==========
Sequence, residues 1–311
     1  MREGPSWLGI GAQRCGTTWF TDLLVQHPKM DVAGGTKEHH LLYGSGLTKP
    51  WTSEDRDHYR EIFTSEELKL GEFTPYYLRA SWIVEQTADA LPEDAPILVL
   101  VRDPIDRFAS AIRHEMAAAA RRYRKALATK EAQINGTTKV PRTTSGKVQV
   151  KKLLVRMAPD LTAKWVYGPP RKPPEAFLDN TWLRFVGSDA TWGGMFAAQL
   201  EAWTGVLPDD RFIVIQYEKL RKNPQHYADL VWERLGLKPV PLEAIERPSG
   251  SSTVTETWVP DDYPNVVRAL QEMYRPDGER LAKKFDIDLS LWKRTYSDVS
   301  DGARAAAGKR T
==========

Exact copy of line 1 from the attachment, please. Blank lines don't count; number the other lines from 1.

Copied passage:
Sequence, residues 1–311